Dell Technologies (DELL) - Get Report shares traded lower Wednesday after the world's third-largest personal computer maker said a shortage of chips from its main supplier, Intel Corp (INTC) - Get Report , would hit sales for the final months of the year.
Dell said its client solutions group sales, which include it PC business, rose 4.6% over the three months ending on November 1 to $11.41 billion, helping group non-GAAP revenues rise 1% to $22.9 billion, just shy of the Street consensus forecast of $23 billion.
Non-GAAP earnings topped analysts' forecasts at $1.75 per share for the fiscal third quarter, but the group said the Intel chip shortage has "worsened" and is now impacting shipment forecasts for the final months of the year. Dell now sees fiscal 2020 revenues in the range of $91.5 billion to $92.2 billion, a $2 billion reduction from the higher end of its prior forecast.
"The reduction of the range is principally due to the Intel supply dynamic," CFO Thomas Sweet told investors on a conference call late Tuesday. "We continue to see macro headwinds in China and softening client solutions demand post the Win 10 refresh."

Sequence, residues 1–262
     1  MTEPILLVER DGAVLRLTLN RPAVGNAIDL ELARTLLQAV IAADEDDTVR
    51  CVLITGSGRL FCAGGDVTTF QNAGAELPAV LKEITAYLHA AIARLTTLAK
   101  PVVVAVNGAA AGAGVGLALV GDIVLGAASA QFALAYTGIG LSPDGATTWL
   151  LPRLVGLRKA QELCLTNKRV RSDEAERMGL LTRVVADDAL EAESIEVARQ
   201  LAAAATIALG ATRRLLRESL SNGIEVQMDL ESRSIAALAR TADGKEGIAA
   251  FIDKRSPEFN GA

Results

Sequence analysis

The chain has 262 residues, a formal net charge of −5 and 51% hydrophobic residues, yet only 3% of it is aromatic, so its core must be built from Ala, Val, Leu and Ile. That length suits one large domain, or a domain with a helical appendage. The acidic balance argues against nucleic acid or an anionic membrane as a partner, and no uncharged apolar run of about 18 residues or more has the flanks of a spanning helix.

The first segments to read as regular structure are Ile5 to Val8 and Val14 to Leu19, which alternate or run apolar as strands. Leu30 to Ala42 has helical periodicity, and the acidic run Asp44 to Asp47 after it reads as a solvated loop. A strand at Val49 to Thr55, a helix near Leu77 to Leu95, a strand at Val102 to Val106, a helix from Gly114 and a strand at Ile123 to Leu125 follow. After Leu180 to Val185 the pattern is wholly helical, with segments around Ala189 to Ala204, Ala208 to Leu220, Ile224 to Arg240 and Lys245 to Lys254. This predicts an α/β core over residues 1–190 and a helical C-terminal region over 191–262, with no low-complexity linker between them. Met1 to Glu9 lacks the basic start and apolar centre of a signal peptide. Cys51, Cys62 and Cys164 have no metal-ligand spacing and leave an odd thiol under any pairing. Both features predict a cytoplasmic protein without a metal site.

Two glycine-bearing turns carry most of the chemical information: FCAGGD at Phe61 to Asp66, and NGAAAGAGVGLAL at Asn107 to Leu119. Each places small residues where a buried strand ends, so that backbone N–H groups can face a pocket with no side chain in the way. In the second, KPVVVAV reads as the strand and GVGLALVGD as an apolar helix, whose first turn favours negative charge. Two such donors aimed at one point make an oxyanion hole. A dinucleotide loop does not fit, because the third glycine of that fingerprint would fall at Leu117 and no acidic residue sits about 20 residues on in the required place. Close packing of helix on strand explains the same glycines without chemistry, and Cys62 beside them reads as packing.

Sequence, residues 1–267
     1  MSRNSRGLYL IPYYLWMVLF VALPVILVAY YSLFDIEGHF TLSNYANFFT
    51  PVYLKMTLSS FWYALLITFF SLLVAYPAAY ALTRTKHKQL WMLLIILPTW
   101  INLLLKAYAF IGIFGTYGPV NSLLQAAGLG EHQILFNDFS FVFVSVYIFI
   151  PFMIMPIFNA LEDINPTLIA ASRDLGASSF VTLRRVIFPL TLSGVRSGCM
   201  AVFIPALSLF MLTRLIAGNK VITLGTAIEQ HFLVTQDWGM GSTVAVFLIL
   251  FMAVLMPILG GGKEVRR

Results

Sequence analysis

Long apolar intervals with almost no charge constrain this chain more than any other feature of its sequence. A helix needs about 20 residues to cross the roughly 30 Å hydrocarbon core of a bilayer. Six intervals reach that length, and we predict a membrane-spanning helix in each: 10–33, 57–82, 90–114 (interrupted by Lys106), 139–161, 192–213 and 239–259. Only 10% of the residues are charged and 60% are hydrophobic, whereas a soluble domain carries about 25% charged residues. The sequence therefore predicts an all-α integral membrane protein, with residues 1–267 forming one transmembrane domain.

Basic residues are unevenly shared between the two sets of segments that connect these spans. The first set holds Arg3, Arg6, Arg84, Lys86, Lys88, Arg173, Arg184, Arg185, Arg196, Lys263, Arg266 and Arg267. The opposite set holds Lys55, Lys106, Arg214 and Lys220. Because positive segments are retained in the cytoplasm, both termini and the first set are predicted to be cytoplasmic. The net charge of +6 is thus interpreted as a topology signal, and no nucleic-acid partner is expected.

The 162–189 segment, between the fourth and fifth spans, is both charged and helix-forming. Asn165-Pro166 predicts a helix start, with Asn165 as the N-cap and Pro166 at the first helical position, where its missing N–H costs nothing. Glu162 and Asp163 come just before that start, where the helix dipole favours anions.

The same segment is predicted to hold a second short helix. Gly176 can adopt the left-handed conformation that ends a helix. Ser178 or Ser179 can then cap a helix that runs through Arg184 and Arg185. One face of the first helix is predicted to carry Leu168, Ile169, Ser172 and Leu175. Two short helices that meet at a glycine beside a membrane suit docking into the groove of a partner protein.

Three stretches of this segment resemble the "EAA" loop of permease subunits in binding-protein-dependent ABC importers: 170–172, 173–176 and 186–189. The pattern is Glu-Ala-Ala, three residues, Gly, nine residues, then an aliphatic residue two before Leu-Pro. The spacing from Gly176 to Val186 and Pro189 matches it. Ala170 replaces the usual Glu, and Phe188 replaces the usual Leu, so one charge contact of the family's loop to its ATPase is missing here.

"That coupled with the Intel's CPU supply constraints in the global macro environment leads a slightly more cautious on fiscal 2021 growth," he added. "We also expect the benefit of the fiscal year 2020 component cost deflation to wane as component cost of forecast is to be inflationary in fiscal 2021."
Dell shares were marked 3% lower at the start of trading Wednesday to change hands at $51.04 each, a move that would trim the stock's year-to-date gain to just 4.6%. Intel shares, meanwhile, were seen 1% lower from Tuesday's close at $58.26 each.
Last week, Intel apologized for delays linked to shipping its signature chips to clients, while adding it hoped to increase capacity and raise its supply in the second half of the year by double digits even as it warned that "sustained market growth in 2019 has outpaced our efforts."
"Despite our best efforts, we have not yet resolved this challenge," said Intel executive vice president Michelle Johnston-Holthaus.